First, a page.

Conclusions and Clinical Relevance—For cases with biaxial PSB fracture, the density of the PSBs in the affected limb was greater and the MC3 of the contralateral limb was more likely to have orthopedic disease, compared with those for controls. Further evaluation of sMRI as a screening tool for identification of racehorses at risk of biaxial PSB fracture is warranted. (J Am Vet Med Assoc 2015;246:661–673)
OBJECTIVE To describe the chief complaints by owners and the types and prevalences of musculoskeletal problems associated with lameness or poor performance in cutting horses.
DESIGN Retrospective case series.
ANIMALS 200 client-owned cutting horses examined at the Texas A&M University Veterinary Medical Teaching Hospital between January 1, 2007, and December 31, 2015, because of lameness or poor performance.
PROCEDURES Medical records were reviewed, and data were collected regarding signalment, history, findings on physical and lameness examinations, results of diagnostic procedures performed, diagnosis, and treatment. Distribution of observed proportions of forelimb and hind limb involvement was compared with a hypothetical distribution of 50% by means of a χ2 test.
RESULTS More horses were examined because of a recent decrease in performance (116/200 [58%]) than for lameness (84 [42%]). All horses had at least 1 lame limb, with lameness affecting a total of 281 limbs. Of the 281 lame limbs, 189 (67%) were hind limbs and 92 (33%) were forelimbs. These proportions were substantially different from a hypothetical distribution of 50% hind limbs and 50% forelimbs. The most common performance change was that horses would not reverse direction to follow prespecified individual cattle, and the most common cause of lameness was pain localized to the stifle joint region (69 [35%]).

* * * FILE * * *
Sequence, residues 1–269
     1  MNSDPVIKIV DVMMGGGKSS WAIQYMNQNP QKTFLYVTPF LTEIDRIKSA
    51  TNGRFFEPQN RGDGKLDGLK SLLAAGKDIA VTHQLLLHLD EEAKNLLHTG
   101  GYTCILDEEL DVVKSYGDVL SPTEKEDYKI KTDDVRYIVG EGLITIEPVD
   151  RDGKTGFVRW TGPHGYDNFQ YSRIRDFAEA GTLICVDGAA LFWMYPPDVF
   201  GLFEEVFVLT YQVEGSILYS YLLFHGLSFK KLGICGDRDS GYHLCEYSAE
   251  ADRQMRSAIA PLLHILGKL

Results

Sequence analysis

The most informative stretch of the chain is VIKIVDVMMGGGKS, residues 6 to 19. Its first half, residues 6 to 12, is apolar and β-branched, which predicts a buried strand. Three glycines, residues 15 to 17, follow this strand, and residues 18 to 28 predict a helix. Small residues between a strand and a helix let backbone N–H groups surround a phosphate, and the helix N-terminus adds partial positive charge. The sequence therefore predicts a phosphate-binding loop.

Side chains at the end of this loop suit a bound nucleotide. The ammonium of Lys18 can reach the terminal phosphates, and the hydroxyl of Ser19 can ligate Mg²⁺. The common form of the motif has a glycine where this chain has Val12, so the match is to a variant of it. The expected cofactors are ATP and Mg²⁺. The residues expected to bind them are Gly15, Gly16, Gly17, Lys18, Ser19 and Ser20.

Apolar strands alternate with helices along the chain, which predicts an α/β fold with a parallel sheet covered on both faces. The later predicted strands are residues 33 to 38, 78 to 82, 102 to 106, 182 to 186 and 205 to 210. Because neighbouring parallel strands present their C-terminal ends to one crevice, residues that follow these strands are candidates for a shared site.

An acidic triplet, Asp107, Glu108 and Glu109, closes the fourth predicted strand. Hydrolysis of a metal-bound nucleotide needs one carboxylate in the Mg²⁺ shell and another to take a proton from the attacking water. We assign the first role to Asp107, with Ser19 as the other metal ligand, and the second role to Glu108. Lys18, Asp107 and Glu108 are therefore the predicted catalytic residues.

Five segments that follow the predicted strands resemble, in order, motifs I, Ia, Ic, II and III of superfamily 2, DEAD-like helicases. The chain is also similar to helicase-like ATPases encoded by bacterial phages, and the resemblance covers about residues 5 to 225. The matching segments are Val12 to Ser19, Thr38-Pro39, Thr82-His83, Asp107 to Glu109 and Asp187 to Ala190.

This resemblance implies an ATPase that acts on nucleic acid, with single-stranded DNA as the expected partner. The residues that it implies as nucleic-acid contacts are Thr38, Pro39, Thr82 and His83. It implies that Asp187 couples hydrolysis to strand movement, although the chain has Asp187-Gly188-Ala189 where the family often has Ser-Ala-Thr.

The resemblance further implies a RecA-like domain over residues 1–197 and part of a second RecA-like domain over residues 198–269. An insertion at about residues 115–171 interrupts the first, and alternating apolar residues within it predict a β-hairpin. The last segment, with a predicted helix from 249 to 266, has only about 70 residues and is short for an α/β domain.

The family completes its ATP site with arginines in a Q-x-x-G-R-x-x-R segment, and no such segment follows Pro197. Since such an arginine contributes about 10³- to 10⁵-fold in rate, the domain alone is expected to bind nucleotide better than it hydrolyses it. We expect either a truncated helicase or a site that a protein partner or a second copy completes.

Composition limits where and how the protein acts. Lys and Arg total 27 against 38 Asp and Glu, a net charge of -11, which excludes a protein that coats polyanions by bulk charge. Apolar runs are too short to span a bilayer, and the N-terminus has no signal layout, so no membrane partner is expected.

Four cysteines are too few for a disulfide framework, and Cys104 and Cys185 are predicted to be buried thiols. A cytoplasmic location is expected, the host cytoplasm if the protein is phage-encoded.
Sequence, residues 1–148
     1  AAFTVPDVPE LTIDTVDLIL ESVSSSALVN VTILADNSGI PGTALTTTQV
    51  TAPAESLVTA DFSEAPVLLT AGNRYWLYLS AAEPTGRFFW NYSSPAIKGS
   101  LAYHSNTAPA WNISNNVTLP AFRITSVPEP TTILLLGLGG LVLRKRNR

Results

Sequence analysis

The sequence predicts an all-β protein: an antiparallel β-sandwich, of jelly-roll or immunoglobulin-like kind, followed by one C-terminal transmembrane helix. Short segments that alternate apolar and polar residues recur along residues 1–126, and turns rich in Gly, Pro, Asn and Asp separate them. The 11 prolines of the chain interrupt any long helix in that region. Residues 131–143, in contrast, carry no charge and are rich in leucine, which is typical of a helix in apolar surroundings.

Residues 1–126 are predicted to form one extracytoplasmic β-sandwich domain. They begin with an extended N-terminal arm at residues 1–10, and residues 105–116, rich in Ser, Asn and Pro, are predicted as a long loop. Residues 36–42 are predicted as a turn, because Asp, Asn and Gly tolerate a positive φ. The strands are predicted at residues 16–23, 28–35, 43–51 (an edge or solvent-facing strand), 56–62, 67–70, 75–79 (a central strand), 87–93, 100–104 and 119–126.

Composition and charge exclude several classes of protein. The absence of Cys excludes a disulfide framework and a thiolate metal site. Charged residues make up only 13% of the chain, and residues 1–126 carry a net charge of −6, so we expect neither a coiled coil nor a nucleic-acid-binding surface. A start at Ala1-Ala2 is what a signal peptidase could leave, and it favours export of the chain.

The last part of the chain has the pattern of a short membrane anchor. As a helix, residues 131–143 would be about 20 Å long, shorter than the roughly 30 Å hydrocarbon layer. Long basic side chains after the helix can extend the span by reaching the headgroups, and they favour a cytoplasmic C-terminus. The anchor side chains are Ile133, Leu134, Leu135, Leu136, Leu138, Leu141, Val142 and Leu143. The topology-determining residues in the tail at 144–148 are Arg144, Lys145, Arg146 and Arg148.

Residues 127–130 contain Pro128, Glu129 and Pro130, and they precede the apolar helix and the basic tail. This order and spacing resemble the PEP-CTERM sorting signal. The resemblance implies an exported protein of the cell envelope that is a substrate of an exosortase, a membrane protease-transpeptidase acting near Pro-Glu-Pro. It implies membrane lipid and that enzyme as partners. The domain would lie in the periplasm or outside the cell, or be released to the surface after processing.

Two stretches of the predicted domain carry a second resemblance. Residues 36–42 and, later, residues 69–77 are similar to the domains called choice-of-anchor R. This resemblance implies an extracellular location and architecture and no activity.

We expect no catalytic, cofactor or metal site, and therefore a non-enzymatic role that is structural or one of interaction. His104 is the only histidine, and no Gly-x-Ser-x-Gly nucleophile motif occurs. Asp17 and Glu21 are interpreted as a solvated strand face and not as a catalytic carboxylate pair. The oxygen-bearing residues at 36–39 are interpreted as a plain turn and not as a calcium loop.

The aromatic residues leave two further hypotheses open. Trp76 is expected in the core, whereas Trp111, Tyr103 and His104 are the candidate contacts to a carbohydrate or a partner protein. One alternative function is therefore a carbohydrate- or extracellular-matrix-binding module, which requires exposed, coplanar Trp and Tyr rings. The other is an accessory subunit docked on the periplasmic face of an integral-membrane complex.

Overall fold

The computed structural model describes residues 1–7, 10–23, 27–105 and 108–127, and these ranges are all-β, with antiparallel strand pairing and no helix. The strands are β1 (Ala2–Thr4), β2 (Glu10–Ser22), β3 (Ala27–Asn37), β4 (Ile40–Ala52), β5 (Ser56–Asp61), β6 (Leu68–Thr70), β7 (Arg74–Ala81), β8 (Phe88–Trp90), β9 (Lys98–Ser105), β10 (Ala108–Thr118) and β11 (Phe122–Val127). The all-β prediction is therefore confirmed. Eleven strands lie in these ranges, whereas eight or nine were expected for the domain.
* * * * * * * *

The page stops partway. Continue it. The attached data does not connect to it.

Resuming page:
CONCLUSIONS AND CLINICAL RELEVANCE Cutting horses sustained more hind limb than forelimb musculoskeletal problems, and although these horses were more likely to be examined for decreased performance than lameness, veterinarians should be vigilant for problems affecting the stifle joint region.
Objective—To determine whether mares are a clinically important source of Rhodococcus equi for their foals.
Sample Population—171 mares and 171 foals from a farm in Kentucky (evaluated during 2004 and 2005).
Procedures—At 4 time points (2 before and 2 after parturition), the total concentration of R equi and concentration of virulent R equi were determined in fecal specimens from mares by use of quantitative bacteriologic culture and a colony immunoblot technique, respectively. These concentrations for mares of foals that developed R equi–associated pneumonia and for mares with unaffected foals were compared. Data for each year were analyzed separately.